Hope VI rebuilds of social housing projects tend to significantly reduce the inventory of larger apartments, and the tenancy of multi-generational families is often seen as problematic.
Housing elements in comprehensive land use plans will need to be adjusted so that they provide guidance for the provision of such housing, and incentive packages probably need to be developed to assist in the provision of a larger inventory of larger apartments than would normally be provided.
We need greater attention given to outdoor public spaces, civic spaces, and commercial spaces. Community planning processes need to be updated to ensure that these types of spaces are provided. As households become larger, more people will spend more time out-of-the-home on social activities, “get away” from the house and the cramped quarters. Parks and other public places, recreation spaces, active streets in commercial districts, and other places may become increasingly in demand as households become larger and multi-generational. Too often, community land use practices haven’t caught up to these changing circumstances as more people live in city centers.
This was discussed in the entry “Park Service, Wells helping downtown get a playground“ in Greater Greater Washington, although I will point out that I have made similar points about the need to plan for recreational space downtown in blog entries and writings over the years. The Zoning Commission ruled that downtown housing projects didn’t have to provide recreational space, but at the same time, they didn’t require that such projects pay into a fund to be used to pay for the creation of shared recreational spaces.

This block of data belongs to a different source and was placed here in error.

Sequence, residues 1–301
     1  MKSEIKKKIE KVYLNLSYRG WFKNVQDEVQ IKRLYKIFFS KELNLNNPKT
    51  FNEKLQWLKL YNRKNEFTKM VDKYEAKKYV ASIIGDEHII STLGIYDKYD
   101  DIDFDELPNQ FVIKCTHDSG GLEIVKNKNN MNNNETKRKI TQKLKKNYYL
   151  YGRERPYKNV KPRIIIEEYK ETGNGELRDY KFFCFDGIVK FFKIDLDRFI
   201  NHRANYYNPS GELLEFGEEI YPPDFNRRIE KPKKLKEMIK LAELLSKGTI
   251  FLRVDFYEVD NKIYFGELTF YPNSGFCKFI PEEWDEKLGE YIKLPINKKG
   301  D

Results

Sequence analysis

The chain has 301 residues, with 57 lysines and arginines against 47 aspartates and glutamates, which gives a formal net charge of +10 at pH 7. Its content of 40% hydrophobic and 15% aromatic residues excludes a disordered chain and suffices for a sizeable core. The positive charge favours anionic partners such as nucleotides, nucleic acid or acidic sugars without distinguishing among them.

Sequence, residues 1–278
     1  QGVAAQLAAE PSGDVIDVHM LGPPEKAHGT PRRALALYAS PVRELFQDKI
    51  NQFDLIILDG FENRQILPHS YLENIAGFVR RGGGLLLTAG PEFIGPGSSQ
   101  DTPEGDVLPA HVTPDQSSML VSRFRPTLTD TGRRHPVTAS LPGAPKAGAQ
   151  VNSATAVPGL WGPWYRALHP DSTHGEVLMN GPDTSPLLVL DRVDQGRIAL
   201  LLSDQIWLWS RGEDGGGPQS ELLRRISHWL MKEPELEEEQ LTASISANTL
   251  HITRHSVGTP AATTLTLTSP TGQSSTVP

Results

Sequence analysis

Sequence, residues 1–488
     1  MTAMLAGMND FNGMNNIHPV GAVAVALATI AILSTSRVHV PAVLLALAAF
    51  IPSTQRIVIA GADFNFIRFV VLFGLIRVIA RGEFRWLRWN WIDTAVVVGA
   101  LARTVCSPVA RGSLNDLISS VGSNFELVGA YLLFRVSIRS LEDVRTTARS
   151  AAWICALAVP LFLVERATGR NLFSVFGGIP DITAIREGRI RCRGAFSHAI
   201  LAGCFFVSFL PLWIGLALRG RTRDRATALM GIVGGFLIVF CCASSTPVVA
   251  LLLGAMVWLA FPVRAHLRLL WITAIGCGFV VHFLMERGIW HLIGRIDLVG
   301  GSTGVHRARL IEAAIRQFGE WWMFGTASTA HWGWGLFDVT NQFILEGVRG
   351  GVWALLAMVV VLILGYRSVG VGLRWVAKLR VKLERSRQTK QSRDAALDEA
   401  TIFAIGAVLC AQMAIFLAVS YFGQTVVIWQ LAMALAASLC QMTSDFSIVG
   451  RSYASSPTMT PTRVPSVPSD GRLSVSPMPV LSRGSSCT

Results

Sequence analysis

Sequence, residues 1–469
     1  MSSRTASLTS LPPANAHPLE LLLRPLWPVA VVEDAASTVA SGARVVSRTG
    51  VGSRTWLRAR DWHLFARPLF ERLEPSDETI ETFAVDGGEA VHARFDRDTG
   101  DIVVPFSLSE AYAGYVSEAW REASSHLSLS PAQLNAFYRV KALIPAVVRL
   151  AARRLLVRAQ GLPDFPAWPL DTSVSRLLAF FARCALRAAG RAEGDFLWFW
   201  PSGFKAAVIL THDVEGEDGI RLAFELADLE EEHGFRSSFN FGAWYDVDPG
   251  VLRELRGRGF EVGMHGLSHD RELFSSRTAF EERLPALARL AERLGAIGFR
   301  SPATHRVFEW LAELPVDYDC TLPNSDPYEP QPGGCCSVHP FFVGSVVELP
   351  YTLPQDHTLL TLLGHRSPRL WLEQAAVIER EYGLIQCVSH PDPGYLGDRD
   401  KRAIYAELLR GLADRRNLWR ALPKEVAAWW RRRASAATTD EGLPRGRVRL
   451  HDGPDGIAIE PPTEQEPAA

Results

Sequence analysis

Indoor community spaces within multi-unit residential complexes need attention too. Increasingly, higher end properties are providing high quality on-site amenities ranging from business centers, wi-fi, television projection rooms, outdoor kitchens and patios, fitness facilities, etc.
From the standpoint of addressing “social exclusion” through the provision of high quality programs and practices of “social inclusion,” we need to ensure that social housing developments have high quality on-site amenities also.
The THEARC (Town Hall Education and Arts Campus) was created by the William Smith Companies as part of their rebuilding of various housing projects in Ward 8 in Washington, D.C. While not an on-site amenity building per se, it’s an example of creative and innovative thinking about the provision of amenities and community spaces in social housing.
U.S. social housing development policies need to change too, to adapt to these changing circumstances. While the HOPE VI program changed social housing polices to change public housing communities so that they now can and do incorporate residents with a mix of incomes, policies haven’t changed to allow the inclusion of retail and commercial space in these projects.
Trends for mixed-use development shouldn’t bypass social housing, especially because “commerce is the engine of urbanism” and is one of the crucial forms of exchange that support community as well as build and extend it. And profits made on commercial space can support the provision of other programs.